Pennsylvania Rule of Civil Procedure § 2152 requires that "An action prosecuted by an association shall be prosecuted in the name of a member or members thereof as trustees ad litem for such association." (Emphasis supplied) Therefore, the right of persons to sue on

[ 405 Pa. Page 61]

    behalf of an unincorporated association is established by the fact that the complaint described them as trustees ad litem. While I would not require that proof be plead establishing the fact that they are trustees of the unincorporated association, I would, however, require that an allegation be made to the effect that they are in fact trustees of the association. This was not done in the instant complaint.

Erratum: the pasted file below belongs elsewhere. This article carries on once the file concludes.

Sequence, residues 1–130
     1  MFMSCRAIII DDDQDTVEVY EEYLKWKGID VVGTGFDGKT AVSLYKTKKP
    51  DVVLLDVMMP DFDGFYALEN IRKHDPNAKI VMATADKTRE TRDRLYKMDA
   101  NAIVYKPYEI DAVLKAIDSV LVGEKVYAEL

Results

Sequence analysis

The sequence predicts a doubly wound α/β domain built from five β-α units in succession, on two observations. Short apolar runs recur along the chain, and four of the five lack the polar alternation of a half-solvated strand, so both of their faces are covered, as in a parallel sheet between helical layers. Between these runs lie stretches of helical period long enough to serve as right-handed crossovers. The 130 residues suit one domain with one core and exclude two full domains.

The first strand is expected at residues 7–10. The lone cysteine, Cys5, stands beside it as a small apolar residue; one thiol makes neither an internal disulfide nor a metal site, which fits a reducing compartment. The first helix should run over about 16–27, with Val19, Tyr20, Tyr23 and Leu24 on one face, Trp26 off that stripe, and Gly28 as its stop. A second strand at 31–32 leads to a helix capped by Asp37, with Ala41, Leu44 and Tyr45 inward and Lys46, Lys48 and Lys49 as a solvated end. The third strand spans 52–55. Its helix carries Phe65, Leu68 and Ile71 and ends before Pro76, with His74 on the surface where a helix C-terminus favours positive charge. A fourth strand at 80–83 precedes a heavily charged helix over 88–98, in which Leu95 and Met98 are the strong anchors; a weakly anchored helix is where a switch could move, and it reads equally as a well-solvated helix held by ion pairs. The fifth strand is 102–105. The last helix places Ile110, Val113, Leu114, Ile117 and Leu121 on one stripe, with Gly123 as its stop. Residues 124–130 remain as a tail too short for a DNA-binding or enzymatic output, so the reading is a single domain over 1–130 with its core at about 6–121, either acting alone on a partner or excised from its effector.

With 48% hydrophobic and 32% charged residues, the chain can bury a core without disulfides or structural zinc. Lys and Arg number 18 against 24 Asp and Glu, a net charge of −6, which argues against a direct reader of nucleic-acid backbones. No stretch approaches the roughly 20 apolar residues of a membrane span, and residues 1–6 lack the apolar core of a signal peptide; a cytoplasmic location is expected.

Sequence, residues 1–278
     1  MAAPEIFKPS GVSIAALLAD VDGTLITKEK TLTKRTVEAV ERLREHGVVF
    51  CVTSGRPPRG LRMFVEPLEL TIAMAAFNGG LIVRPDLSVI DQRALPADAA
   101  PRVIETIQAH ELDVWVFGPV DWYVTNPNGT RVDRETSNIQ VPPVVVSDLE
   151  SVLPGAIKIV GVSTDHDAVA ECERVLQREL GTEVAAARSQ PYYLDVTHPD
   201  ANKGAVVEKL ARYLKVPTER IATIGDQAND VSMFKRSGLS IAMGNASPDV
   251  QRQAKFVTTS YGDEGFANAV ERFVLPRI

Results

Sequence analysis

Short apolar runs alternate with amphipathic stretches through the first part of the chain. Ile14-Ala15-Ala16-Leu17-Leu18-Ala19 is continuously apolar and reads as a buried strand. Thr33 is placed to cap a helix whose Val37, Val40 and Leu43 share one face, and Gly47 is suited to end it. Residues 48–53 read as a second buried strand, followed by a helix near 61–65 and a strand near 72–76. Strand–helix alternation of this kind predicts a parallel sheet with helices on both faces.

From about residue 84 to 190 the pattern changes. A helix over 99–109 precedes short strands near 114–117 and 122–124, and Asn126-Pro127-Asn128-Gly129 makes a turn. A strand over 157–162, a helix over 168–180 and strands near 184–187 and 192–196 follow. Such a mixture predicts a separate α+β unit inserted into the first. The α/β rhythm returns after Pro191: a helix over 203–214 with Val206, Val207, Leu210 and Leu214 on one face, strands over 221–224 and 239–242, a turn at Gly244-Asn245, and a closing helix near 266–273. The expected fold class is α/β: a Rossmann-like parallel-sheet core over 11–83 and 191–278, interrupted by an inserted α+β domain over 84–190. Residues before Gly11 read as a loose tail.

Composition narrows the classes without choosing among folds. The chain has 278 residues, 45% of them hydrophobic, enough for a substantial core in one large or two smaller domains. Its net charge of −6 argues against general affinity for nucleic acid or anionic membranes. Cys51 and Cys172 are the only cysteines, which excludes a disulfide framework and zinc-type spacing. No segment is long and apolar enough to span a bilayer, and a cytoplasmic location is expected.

I, therefore, would reverse and remand for amendment of the complaint, and if a proper allegation could not be made I would then dismiss the complaint.

The majority have not discussed, nor have the parties argued, the right of members of an unincorporated association to bring a secondary or derivative action when the majority of the members are opposed. This appears to be in reality the nature of the present action even though it is brought in its present context as a direct action by the association.

19610717